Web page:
The existence of these previously unreleased messages — which appear to have been found among electronic files of four former top Clinton State Department aides — renews concerns that Clinton was not completely forthcoming when she turned over a trove of 55,000 pages of work-related emails. And it has drawn fresh criticism from presumptive Republican presidential nominee Donald Trump.

“I have turned over all my emails,” Clinton said late Wednesday in an interview with Univision’s Los Angeles affiliate. “No one else can say that.”

Most of those messages have been made public by the State Department over the past year due to both a court order and Clinton’s willingness to turn them over. But hundreds were censored for national security reasons and 22 emails were completely withheld because the agency said they contained top secret material — a matter now under investigation by the FBI.

Clinton said in March 2015 that she would turn over all work-related emails to the State Department after removing private messages that contained personal and family material. “No one wants their personal emails made public and I think most people understand that and respect their privacy,” she said after her exclusive use of private emails to conduct State Department business was confirmed by media reports.

Senate investigators have asked for numerous emails about Clinton’s server as part of their own inquiry into Clinton’s email practices in recent months, but they didn’t get copies of key messages made public by the State Department’s own watchdog this week, a senior Republican senator said Thursday.

“It is disturbing that the State Department knew it had emails like this and turned them over to the inspector general, but not to Congress,” said Iowa Sen. Charles Grassley, the chair of the Senate judiciary committee that’s been probing Clinton’s use of a private server.

The emails appear to contain work-related passages, raising questions about why they were not turned over to the State Department last year. The inspector general noted that Clinton’s production of work-related emails was “incomplete,” missing not only the three emails but numerous others covering Clinton’s first four months in office.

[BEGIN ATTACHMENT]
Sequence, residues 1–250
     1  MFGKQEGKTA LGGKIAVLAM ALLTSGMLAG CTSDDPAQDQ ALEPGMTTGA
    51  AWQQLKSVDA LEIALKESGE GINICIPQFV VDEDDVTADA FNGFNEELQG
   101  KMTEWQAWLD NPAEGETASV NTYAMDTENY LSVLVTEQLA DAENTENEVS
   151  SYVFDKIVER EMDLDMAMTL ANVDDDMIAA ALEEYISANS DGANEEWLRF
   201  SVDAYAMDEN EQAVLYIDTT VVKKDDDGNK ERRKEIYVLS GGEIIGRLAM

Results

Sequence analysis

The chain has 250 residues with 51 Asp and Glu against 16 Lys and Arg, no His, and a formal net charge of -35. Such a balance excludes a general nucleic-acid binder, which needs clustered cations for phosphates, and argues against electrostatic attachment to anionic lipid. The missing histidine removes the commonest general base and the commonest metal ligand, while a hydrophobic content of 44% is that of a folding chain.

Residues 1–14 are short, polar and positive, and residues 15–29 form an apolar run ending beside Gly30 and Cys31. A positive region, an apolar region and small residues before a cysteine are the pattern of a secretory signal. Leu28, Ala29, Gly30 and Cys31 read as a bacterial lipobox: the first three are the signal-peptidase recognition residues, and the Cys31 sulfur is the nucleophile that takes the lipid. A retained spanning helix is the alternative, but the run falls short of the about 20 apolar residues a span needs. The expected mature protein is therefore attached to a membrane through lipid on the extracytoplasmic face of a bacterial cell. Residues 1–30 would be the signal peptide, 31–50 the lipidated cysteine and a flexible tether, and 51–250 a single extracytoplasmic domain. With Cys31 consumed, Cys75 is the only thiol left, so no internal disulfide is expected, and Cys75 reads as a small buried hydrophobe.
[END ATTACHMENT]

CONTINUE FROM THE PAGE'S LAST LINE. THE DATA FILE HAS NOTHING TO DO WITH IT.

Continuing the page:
A spokesman for the Clinton campaign did not immediately respond to emails seeking comment Thursday. An inspector general’s spokesman declined to discuss the report.

The report said the inspector general was able to reconstruct some of Clinton’s missing emails by searching the email files of four former Clinton aides who had turned over thousands of pages of communications in 2015 at the request of the State Department, which is defending itself in multiple public records lawsuits, including one filed by The Associated Press. The four aides who turned over those files, according to the report, were Clinton’s former chief of staff, Cheryl Mills, and top aides Huma Abedin, Jake Sullivan and Philippe Reines.

Abedin was the aide who authored the key email in November 2010 that provoked Clinton’s concerns about outsiders obtaining her personal emails. After the State Department’s computer spam filters apparently prevented Clinton from sending a message to all department employees from her private server, Abedin suggested that she either open an official agency email or make her private address available to the agency.

Clinton told Abedin she was open to getting a separate email address but didn’t want “any risk of the personal being accessible.” Clinton never used an official State Department address, only using several private addresses to communicate. Abedin, Mills, Sullivan and Reines all also used private email addresses to conduct business, along with their government accounts.

Two other emails sent to Abedin were cited in the inspector general’s report, but also did not turn up among the emails released by Clinton. Those messages to Abedin contained warnings in January 2011 from an unidentified aide to former President Bill Clinton who said he had to shut down Hillary Clinton’s New York-based server because of suspected hacking attacks.

In response, Abedin warned Mills and Sullivan not to email Clinton “anything sensitive” and said she would “explain more in person.”

 

Many opt to take Social Security before full retirement age

ADAM ALLINGTON, For The Associated Press